I added some missing features to the cockpit , most noticeably the prominent rudder actuating rod that runs the whole length of the right hand cockpit side.    I also added ( taken from the Macchi 202 etch set ) 2 etch boot straps to the Fiat G.55 rudder bar ( Part C13 - see photos ).   The other essential addition was scratch building a 1/72 scale bomb to create a Compressed Air Bottle which the real aircraft had fitted on the pilot’s right hand side, next to the seat.   This also had extra copper wire fitted by me on the top,  to accurately represent the Fiat G.55 compressed air bottle. This was painted blue, and the real G 55 needed all this compressed air for its pneumatic engine starter and wheel brakes.

Please note that the Special Hobby Italian National Flag decals were used, instead of the Sky Model decals, as they were more accurate - and had the correct sized yellow triangle surround.   The kit pitot tube was replaced by the Edelweiss Brass Pitot tube   Which is much more refined looking and much more detailed ( with a hollow tip at the front end as well ).

I was delighted with the out-of-production Moskit Exhausts which I used to replace the Kit exhausts . In my opinion, nothing can beat these rare exhausts for sheer detail (and they are hollow at the ends).  This remarkable product comprises of two, single piece, scale-thickness exhaust stacks in 1/48 scale to suit the engine of the Fiat G.55 ( DB 605 ).  Moskit's backing card proclaims that these are "hollow metal extremely thin exhaust pipes" made using "unique technology". I couldn't agree more! aerodynamic covers for the engine exhaust , these are incorrectly moulded by Special Hobby - they should have a hollow opening at the very front (see the White Arrow showing this in my photos)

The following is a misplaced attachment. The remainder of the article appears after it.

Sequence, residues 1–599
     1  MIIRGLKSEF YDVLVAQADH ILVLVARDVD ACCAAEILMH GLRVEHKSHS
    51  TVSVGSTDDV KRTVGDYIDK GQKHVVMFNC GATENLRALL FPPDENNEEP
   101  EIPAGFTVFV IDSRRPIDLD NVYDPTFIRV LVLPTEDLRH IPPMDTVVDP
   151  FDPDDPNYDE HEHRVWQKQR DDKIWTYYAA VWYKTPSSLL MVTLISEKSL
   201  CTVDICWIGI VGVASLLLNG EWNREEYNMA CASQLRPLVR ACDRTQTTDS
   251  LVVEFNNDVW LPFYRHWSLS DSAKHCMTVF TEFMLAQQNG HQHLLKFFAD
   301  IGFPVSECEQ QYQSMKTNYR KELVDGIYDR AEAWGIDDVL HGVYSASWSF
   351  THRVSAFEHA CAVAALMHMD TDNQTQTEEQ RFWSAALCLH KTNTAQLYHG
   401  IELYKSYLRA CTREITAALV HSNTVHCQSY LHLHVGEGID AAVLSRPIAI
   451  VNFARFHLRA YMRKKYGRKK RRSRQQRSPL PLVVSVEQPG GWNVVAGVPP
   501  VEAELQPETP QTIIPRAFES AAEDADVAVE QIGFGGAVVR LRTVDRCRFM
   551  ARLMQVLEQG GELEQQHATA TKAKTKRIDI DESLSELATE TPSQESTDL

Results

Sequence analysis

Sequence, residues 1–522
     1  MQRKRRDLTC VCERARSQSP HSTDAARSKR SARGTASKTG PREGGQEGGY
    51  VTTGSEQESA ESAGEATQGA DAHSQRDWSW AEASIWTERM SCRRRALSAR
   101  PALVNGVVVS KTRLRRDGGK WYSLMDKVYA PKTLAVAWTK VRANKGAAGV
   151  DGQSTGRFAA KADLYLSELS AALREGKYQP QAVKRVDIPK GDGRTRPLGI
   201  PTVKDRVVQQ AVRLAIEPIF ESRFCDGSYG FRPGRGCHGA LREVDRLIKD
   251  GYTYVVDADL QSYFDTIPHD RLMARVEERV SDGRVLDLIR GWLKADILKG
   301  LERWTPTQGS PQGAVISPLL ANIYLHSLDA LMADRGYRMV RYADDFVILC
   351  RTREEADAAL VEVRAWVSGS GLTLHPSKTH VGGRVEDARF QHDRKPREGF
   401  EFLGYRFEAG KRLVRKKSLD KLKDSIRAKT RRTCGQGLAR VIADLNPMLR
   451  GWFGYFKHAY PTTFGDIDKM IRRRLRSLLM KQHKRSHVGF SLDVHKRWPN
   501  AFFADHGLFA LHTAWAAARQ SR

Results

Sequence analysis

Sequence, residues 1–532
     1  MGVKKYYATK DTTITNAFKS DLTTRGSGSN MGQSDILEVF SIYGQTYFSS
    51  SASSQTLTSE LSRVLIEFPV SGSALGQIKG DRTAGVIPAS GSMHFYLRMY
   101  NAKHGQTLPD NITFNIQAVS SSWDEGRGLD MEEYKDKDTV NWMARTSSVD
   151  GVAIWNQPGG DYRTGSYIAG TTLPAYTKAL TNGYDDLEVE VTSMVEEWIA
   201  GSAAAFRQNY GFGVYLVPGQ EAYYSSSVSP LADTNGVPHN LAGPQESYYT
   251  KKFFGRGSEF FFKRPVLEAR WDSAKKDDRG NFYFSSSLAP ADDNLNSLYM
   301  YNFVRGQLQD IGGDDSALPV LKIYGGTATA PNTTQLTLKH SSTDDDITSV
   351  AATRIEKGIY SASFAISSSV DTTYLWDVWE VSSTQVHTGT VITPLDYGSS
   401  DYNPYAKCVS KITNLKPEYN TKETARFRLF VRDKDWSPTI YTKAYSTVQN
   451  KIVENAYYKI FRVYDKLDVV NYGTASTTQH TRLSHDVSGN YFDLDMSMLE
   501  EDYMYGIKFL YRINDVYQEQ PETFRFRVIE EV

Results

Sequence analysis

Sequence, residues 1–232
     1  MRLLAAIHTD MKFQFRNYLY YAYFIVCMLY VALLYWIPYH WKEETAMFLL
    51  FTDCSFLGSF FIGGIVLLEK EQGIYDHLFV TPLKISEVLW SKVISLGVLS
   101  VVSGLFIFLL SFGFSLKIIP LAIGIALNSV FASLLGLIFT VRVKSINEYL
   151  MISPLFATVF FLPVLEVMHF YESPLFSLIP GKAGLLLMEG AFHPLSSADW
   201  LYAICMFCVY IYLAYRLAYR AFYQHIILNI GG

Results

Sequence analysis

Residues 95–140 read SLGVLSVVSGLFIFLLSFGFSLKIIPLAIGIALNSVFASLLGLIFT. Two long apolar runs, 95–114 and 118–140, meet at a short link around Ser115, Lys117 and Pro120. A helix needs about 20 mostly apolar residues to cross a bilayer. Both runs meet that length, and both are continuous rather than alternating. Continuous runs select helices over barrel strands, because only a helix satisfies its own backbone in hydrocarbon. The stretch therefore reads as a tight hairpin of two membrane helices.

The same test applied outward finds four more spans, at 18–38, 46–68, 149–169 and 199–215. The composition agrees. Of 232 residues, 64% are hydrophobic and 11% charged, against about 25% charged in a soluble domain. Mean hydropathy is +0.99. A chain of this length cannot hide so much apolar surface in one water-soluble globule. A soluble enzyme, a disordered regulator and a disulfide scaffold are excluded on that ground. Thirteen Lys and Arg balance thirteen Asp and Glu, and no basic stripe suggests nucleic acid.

I first had to alter the Air Master Brass Spitfire Cannon Barrels by removing two rings which are on the outside of the cannon fairing before fitting them to the Fiat G.55, as the Special Hobby Plastic cannon Barrels were pretty dull and unrealistic.

The main reason for taking the trouble to buy and fit these is that the ends of the cannon barrels are drilled out , and represent a luxurious finishing touch for your 1/48 scale cannon-equipped project.